Need some TV time?

So, you look at the situation and realize that you need to make a short-term TV buy (or up the frequency of an existing buy). To quote one of my favorite cartoon dogs, “Ruh-roh.”

As Dr. Denny notes over at 5th Estate, thanks to an election that’s mounting in importance to both parties, there isn’t any air time to be purchased.

According to a report from Broadcasting & Cable:

[The $1.6 billion] exceeds initial forecasts of $1.4 billion and approaches the $1.61 billion spent in 2004, a presidential-election year. “Candidates may have more money to spend than there is time to buy,” says Evan Tracey, COO of CMAG. [emphasis added]

Wow. Good news for broadcasters, bad news for those who didn’t plan ahead.

Of course, this is only likely to effect smaller, local marketers, but there are possible implications to be considered past the 2006 election cycle:

  • Broadcast outlets have to take the political money, regardless of whatever impact it might have on their customers. This is especially true in an environment where multiple factors are undercutting the value (real and perceived) of traditional media as a marketing tool. It’s always dangerous when you have to say no to those who pay your bills on a regular basis, though.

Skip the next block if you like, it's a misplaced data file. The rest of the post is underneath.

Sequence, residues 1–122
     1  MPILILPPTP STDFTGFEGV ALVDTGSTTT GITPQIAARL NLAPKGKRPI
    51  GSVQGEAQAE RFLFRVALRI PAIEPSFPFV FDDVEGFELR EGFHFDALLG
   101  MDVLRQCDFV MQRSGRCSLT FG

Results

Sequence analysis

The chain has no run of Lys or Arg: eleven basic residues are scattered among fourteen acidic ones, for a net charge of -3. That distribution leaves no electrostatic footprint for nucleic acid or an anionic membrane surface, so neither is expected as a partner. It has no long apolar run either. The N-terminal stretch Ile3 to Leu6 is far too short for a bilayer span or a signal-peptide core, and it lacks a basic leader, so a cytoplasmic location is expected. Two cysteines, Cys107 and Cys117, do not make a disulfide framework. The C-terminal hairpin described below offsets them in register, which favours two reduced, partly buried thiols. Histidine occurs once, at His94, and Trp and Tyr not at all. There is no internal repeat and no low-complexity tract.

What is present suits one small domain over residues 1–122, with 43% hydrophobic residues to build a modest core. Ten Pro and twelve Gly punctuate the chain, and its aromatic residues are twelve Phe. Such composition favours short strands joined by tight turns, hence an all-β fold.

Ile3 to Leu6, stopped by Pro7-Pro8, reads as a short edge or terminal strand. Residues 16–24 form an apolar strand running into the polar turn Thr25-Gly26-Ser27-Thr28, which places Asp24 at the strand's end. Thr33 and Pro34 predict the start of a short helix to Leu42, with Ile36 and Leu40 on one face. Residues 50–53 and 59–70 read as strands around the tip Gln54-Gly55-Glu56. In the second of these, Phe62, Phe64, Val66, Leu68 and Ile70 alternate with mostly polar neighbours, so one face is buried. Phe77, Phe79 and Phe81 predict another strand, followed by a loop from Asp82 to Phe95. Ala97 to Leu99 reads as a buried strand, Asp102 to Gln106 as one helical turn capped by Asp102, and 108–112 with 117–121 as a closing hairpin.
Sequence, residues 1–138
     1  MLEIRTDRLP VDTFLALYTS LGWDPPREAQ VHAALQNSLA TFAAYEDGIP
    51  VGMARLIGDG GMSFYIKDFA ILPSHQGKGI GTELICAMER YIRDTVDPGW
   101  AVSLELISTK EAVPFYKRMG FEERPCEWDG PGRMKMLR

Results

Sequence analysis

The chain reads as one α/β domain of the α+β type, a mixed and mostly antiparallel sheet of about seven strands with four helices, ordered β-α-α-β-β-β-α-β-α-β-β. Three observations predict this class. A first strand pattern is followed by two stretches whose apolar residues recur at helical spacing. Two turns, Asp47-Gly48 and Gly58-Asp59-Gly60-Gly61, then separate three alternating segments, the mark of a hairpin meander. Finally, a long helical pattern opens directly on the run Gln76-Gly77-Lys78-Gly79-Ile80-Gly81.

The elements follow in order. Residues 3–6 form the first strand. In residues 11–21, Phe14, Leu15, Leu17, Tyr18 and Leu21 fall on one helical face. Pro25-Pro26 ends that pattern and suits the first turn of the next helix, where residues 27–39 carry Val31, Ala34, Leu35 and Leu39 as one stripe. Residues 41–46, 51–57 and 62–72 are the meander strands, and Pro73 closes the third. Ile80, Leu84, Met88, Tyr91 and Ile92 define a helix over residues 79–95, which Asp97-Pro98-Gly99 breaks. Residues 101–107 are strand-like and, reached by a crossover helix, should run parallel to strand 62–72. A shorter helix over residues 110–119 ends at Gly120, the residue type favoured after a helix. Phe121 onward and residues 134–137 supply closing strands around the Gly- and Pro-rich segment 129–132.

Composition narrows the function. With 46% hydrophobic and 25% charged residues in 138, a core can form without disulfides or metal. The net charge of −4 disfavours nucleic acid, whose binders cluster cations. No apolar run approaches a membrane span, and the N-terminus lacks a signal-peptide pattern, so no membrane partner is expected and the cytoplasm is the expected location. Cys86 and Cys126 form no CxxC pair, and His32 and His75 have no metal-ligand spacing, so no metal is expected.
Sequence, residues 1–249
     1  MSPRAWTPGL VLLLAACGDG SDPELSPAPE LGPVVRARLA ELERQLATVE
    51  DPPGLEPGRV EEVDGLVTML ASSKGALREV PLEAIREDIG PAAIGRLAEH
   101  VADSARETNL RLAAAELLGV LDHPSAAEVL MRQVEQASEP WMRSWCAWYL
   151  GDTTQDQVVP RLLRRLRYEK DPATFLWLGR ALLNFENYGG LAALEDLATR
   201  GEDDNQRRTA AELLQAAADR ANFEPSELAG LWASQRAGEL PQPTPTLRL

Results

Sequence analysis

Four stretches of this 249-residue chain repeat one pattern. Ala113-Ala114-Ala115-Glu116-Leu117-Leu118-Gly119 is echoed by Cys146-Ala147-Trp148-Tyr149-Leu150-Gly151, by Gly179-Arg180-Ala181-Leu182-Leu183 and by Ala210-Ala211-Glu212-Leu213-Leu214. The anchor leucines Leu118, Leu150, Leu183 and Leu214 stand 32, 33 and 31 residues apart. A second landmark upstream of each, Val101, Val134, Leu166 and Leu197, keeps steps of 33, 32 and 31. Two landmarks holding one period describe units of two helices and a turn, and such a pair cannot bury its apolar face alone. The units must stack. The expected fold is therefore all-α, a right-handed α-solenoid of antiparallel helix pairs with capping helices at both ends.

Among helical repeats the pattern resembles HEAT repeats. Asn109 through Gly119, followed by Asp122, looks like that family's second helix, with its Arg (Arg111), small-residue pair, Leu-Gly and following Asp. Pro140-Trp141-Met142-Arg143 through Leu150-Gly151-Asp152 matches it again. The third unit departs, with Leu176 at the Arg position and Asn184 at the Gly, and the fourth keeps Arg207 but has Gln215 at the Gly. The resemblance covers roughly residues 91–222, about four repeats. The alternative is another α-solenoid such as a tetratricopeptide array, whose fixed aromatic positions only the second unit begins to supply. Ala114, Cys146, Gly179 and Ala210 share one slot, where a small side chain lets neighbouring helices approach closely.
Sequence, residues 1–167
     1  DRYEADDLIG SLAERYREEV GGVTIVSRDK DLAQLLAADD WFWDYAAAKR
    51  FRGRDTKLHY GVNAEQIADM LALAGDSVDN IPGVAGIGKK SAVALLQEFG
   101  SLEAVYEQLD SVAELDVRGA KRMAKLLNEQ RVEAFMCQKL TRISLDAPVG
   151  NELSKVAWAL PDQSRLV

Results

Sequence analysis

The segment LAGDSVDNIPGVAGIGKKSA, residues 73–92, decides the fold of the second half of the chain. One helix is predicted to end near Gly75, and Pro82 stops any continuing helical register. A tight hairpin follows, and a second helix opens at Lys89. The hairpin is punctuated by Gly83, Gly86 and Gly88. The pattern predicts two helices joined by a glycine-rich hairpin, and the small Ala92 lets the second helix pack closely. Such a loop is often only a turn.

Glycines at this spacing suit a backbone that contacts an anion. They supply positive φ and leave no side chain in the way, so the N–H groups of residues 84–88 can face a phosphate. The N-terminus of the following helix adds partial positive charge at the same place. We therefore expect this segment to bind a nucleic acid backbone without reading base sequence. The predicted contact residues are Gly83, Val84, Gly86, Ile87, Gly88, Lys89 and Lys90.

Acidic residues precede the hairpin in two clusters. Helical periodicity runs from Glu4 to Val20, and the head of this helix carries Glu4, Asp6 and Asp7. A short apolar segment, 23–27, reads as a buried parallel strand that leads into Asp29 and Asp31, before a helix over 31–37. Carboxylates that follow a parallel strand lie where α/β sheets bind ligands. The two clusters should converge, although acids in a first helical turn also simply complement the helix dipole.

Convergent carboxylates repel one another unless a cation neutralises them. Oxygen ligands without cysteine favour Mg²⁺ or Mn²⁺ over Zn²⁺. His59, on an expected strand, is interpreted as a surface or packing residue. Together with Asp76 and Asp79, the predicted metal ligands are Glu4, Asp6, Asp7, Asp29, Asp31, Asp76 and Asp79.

• There’s a lesson here for the big national advertisers, too. This is likely nothing compared to the frenzy we’re going to see around the 2008 elections. They might want to think about pushing out their planning and buying even further than usual, because by April of that year there might be no time left. Hard to say at this point, but if I’m in charge of the planning process, I’m going to assume the worst, and then add three months additional lead time on top of that.
  • Finally, if you’ll indulge the social/political/media analyst in me for a second, what might this all mean for the news coverage emanating from the broadcast outlets? Mass media facing eroding credibility as marketing channel – check. Political spending a reliable and lucrative source of income – check. Political controversy drives the urgency to spend – check.



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